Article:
We put a lot of faith in our chargers, and discovering something didn’t charge completely always throws a wrench in our plans. This is especially true with items we purchase to make life easier, such as a cordless Dyson vacuum.
In the case of your Dyson vacuum not charging, it’s usually easy to pinpoint the issue so you can resolve the issue quickly.
Keep reading as we explain how to find the root of the issue and what you should do to fix it. We also explain what you should look for if you find you need to replace your battery.
Table of Contents
Dyson Battery is Not Charging + Flashing Blue Light
The first thing to rule out is whether your Dyson battery is at fault. If you plug your cordless Dyson vacuum cleaner into the charger and see a flashing blue light, understand that the issue is not related to your battery.
A flashing blue light is normal and usually indicates that the battery is charging as normal. If the battery is not charging and flashing a blue light, instead consider:
- Problems with your outlet
- Issues with your docking station
- Problems with the charging cable or plug
- A blown fuse
Check these before you panic and purchase a whole new unit.
1. Outlet Issues
You may have used this outlet religiously to charge your cordless vacuum cleaner, but an outlet can go out at any time. Make sure you rule out an issue with your wall outlet before you start poking around in your vacuum and charger.
Plug in another device that you know works, such as a lamp, and see if it powers up in the outlet. If so, you know that the issue remains with the charger and not your home electrical system.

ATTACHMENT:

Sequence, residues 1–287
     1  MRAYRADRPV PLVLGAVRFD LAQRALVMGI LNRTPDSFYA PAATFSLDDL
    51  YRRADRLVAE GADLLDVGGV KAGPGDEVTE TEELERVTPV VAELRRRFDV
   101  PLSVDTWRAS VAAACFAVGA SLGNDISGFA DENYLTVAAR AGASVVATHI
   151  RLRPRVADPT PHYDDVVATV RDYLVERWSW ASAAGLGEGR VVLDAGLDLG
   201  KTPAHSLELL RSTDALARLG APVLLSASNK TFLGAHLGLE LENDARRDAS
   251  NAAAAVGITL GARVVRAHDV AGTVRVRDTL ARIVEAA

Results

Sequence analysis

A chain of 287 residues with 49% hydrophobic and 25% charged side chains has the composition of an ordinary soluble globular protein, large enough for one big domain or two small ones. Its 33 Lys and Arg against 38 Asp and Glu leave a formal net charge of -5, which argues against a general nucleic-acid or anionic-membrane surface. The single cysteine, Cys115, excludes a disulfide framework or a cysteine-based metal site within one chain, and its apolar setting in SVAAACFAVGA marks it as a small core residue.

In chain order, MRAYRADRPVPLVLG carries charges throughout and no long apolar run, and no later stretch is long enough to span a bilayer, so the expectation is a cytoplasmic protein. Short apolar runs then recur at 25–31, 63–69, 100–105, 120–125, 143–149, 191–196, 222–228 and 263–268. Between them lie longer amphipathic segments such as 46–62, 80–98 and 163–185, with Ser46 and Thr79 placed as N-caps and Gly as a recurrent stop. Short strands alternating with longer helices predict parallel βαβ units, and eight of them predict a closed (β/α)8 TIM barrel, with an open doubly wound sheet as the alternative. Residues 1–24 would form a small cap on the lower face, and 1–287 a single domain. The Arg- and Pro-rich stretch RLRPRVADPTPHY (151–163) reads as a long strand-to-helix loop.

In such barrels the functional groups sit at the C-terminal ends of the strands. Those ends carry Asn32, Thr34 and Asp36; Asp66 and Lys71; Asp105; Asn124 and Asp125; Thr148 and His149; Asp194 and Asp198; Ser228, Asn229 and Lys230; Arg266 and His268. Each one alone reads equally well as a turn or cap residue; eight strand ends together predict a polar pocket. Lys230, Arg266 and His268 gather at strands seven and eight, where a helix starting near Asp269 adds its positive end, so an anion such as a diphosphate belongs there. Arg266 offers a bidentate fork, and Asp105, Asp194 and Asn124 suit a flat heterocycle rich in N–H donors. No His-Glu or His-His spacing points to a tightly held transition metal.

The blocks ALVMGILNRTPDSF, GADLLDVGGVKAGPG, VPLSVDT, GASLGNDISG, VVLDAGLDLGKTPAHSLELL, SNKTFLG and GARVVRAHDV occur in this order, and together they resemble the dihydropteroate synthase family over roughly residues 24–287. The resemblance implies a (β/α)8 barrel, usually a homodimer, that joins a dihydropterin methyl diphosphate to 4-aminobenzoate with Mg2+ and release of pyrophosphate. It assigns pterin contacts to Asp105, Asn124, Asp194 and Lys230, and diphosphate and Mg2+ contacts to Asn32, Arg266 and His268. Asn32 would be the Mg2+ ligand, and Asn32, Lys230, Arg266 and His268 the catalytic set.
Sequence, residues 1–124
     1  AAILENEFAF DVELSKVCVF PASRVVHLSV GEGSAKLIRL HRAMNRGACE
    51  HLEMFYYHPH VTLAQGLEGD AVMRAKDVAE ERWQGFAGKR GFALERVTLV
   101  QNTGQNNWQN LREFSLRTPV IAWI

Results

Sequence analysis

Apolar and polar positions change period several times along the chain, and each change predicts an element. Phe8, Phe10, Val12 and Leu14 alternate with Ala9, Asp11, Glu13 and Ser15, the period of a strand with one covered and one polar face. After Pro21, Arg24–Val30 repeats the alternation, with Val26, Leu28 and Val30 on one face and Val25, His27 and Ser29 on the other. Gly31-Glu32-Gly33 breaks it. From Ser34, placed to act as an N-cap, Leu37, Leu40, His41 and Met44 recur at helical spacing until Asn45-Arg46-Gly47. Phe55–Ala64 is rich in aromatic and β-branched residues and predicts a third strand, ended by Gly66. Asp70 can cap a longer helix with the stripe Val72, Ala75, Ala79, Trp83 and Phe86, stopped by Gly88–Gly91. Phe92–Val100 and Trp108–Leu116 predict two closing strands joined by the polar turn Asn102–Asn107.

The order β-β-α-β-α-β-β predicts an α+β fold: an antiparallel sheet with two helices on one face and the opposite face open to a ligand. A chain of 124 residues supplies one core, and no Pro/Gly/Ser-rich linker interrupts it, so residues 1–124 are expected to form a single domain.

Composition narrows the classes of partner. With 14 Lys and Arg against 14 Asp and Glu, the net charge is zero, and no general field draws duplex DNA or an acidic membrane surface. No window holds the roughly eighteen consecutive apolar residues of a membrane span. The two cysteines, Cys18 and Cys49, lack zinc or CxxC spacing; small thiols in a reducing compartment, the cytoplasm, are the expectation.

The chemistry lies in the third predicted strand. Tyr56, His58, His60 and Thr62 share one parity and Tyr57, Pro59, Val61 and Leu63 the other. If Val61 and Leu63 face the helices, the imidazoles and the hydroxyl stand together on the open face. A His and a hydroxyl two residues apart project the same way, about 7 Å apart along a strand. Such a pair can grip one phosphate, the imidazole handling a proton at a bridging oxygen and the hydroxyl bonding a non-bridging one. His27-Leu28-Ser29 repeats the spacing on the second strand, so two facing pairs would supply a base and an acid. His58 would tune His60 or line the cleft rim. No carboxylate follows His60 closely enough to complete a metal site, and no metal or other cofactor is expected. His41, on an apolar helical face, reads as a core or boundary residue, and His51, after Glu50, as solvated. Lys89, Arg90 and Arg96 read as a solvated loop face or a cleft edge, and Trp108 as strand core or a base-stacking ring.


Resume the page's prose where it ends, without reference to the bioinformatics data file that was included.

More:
2. Docking Station Issues (Mounting)
This usually applies to Dyson vacuums with a mountable charging station. Many people choose not to mount the charger so they can move it around or put it away easily, but this can cause charging issues.
If this is your situation, try mounting your docking station as outlined in your manual. This should allow your charger and vacuum to make the proper connection and fix your charging issue.
3. Cable or Plug Issues
The cable or plug of your Dyson battery charger is pretty resilient, but it can only take so much. This cable will wear out over time, especially if you keep it out in high traffic areas.
Check over your plug and cable, looking out for:
- Cable stretching
- Worn insulation
- Creases in the cord
- Bent prongs on the plug
- Bite marks (from pets, children, or household pests)
If you have a compromised charging cable or plug, you need to replace your Dyson battery charger. Make sure you find a proper replacement, ideally one designed by design, to preserve the integrity of your vacuum batteries.
4. Blown Fuse
All Dyson vacuum chargers have a fuse to protect the charger from excessive currents. You can usually find the fuse panel in your plug and pop it out with a small flathead screwdriver.
A blown fuse isn’t necessarily a bad thing; it means the fuse did its job protecting your charger and vacuum from current damage.
To fix, find a suitable replacement fuse with the correct rating and insert that in the panel. This should get the charger back up and running.
Dyson Battery is Not Charging + Flashing Red Light
A flashing red light while charging usually indicates that something is wrong with the vacuum or the battery. A flashing red light is most commonly associated with an under-voltage fault.